Trump: a chance for Europe?


(Poster, Museum of German History – 2012)

(Traduction anglaise de l’article Trump : une chance pour l’Europe ?)

The election of Donald Trump is a major event which is bound to have repercussions on the international scene. In this respect, it could prove an unexpected turning point in the emergence of Europe as a force in its own right.

The relationship between the ‘old continent’ and the US has never been an equal one. Since the Second World War, Europe has languished in an inferior position compared to its American ally, sometimes called its ‘big brother’. The fall of the Berlin wall further increased European dependence on the transatlantic partnership. Indeed, many central and east European countries, in search of strong protection against their Russian neighbour, aligned themselves directly with America’s international policy. The friendship extended towards Russia by certain French and German officials merely entrenched Eastern Europe’s goodwill towards the US, to the extent of joining them in the Iraq war in 2003.

However, as observed in the assessment of the Obama presidency (see in french here), Europe was dealt a blow by Barack Obama’s 2008 election victory. His strong appeal among Europeans ruled out any prospect of confrontation on either side of the Atlantic. Moreover, the election of the first black president served as a clear reminder to the world of America’s modernity compared with old, white Europe. In an increasingly multipolar world, this diversity on display at the highest level couldn’t fail to draw admiration.

Throughout this period, Europe and its member states were particularly quiet. The few successes on the international scene (rapprochement with Iran, fight against climate change) have largely been down to American involvement. As a result, Europe is unable to boast of any recent achievement it can confidently claim as its own. In other matters, it has adopted a wait-and-see approach or one that is frequently in line with American interests (Israel and Palestine, for example).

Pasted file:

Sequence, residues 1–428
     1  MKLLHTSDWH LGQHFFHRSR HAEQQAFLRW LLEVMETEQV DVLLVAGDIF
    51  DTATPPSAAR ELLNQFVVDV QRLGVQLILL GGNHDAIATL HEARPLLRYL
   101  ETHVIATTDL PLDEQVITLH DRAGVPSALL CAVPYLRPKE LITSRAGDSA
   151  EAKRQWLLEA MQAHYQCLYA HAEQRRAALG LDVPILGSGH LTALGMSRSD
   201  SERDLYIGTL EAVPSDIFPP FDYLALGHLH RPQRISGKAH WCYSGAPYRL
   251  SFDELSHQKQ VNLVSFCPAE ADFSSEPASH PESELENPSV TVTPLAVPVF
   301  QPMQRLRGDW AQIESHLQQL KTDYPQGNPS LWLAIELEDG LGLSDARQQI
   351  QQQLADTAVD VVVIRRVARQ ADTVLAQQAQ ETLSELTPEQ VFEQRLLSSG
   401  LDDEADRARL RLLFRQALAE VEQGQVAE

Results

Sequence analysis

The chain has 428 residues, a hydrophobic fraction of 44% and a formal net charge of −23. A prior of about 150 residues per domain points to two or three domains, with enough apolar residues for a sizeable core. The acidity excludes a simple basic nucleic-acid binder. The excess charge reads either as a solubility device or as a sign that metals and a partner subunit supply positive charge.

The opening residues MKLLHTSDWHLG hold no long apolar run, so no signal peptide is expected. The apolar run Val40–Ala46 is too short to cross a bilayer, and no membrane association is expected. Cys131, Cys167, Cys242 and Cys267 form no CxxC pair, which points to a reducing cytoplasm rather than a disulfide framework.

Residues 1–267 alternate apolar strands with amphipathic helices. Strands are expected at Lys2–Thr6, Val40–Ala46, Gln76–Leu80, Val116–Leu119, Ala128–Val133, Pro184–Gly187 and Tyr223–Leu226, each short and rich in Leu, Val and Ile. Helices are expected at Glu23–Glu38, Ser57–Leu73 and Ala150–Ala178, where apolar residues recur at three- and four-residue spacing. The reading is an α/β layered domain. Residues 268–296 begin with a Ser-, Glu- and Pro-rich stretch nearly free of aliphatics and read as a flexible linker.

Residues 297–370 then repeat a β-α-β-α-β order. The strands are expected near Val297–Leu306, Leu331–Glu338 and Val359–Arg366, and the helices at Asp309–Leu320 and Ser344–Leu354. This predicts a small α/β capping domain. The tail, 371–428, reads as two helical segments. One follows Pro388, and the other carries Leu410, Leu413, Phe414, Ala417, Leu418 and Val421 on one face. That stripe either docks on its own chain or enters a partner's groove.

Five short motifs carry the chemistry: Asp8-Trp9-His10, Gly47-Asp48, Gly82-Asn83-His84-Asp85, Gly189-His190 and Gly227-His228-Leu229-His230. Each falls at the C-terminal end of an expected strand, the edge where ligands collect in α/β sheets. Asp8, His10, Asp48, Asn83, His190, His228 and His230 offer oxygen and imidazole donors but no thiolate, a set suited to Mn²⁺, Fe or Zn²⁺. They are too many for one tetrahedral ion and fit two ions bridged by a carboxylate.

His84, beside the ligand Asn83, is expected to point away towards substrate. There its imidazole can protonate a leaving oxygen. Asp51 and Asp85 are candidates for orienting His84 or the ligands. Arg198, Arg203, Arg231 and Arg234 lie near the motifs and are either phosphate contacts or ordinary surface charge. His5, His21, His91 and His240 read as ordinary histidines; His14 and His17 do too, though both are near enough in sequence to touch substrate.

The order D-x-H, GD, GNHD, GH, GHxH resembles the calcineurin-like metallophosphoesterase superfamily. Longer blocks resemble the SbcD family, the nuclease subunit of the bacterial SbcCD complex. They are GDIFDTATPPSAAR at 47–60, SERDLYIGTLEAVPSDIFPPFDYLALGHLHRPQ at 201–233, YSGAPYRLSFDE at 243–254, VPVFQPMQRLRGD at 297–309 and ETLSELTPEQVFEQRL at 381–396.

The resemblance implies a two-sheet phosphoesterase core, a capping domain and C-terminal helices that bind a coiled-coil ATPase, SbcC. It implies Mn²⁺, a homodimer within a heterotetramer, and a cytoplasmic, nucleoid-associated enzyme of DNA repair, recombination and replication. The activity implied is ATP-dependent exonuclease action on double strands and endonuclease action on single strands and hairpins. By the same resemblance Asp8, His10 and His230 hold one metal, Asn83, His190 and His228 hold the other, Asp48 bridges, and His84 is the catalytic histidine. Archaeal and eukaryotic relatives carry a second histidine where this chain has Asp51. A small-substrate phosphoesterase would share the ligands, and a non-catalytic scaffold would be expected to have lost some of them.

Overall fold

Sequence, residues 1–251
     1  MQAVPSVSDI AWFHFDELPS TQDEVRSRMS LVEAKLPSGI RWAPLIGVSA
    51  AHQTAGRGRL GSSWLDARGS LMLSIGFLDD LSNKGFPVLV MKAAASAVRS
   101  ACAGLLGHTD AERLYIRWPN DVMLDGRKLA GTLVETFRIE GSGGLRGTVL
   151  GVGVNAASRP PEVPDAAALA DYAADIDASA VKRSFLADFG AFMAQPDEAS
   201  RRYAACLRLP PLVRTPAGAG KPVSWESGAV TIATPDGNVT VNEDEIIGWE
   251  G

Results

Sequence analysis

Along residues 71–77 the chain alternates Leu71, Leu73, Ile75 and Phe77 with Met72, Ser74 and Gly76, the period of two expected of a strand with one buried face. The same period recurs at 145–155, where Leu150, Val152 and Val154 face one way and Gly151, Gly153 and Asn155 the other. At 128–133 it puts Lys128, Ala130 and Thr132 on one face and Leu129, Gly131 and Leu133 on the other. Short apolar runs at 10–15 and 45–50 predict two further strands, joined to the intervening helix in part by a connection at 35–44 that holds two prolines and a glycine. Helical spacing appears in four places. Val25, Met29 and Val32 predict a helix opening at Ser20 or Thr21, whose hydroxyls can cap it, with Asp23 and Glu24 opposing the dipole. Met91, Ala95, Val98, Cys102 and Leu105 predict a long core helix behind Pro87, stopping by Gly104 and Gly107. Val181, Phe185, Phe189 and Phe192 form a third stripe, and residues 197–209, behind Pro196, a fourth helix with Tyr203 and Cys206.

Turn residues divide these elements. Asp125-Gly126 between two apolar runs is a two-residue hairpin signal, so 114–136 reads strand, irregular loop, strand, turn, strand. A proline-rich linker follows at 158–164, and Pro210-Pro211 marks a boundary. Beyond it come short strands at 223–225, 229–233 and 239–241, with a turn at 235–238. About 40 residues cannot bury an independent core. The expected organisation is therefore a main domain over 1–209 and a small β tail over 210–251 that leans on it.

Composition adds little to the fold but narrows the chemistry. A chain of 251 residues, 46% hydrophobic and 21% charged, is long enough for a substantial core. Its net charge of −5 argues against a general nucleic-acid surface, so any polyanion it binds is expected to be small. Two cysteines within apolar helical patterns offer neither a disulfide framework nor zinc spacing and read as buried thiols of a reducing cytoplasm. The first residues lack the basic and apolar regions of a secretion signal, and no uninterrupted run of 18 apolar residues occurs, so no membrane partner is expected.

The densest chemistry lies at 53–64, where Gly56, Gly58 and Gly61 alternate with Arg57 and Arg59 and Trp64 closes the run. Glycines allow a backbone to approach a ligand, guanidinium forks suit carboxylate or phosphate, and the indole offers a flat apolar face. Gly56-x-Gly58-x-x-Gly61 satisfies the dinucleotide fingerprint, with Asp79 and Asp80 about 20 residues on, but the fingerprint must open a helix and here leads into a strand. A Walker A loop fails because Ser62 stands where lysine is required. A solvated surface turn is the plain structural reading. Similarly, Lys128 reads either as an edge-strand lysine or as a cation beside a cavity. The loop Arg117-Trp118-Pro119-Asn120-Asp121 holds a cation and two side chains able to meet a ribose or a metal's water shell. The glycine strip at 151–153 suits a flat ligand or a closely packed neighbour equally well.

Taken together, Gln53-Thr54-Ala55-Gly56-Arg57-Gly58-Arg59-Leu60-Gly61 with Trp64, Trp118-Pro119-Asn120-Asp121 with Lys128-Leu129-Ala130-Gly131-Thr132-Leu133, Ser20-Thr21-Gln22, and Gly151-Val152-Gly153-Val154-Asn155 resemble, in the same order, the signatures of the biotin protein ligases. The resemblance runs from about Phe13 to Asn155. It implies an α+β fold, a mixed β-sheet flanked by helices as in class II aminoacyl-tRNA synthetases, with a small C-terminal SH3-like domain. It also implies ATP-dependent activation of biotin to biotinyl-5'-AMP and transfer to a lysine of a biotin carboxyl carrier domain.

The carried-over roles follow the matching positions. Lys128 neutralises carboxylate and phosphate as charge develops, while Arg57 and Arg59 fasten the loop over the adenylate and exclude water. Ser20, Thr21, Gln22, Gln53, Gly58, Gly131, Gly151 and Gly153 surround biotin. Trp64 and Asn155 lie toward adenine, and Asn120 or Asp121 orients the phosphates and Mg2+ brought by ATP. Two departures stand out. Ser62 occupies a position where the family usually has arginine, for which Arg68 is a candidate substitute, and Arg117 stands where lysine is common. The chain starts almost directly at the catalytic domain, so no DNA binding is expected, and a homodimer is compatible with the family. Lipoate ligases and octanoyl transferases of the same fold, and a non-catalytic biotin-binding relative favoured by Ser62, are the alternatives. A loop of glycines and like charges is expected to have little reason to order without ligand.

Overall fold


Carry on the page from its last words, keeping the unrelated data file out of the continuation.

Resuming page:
However, this could change.

Although Donald Trump’s foreign policy has yet to be fleshed out, the broad lines that emerged from his campaign seem to indicate a preference for isolationism both military and moral.

Firstly, akin to Vladimir Putin, Trump has, on numerous occasions, declared it time for the Europeans to start assuming responsibility for their defence. If this position is firmed up, it could spur Europeans into collaborating more closely with each other, even establishing common defence. After all, the more the merrier when it comes to sharing costs.

Secondly, Europe may find itself having to take over as leader. Although this position won’t be enshrined in law, merely holding aloft the torch of values won’t be enough either. Yet Europe is the historic homeland of human rights and democracy; it can lead through example and become a reference point.

However, this prospect is threatened by Brexit, and Europe must do everything it can to prevent Brexit from paralysing action at the international level. This theory is far from hypothetical: at the time of George W Bush, who was reviled internationally, Europe was unable to make itself heard, bogged down in modernising its treaties and debating a constitution.

Trump’s election victory may therefore provide an opportunity for the Union to assert itself internationally, by developing its defence capabilities and shaping its own foreign policies, independent from those of America. However, opportunity won’t knock twice and this chance must be seized as soon as possible. The extraordinary Council meeting of defence ministers in Brussels on 14 November is a first step, but whose outcome remains to be seen.

(Translated by Catherine Johnson)

In the language of Shakespeare, we could find another article : 2017: twilight of democracy?Brexit: a good thing for Europe? and Brexit fog in Channel!

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